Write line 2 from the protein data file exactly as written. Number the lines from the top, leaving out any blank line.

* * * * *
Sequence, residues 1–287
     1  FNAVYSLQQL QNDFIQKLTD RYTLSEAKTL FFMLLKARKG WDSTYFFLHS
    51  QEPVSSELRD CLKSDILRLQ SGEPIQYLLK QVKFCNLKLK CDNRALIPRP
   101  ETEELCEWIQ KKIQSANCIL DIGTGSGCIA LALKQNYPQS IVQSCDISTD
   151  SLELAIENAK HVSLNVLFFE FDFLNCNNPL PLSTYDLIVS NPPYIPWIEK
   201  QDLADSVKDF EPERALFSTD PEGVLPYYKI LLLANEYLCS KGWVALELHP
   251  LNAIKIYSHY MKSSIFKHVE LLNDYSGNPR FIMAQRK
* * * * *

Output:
     1  FNAVYSLQQL QNDFIQKLTD RYTLSEAKTL FFMLLKARKG WDSTYFFLHS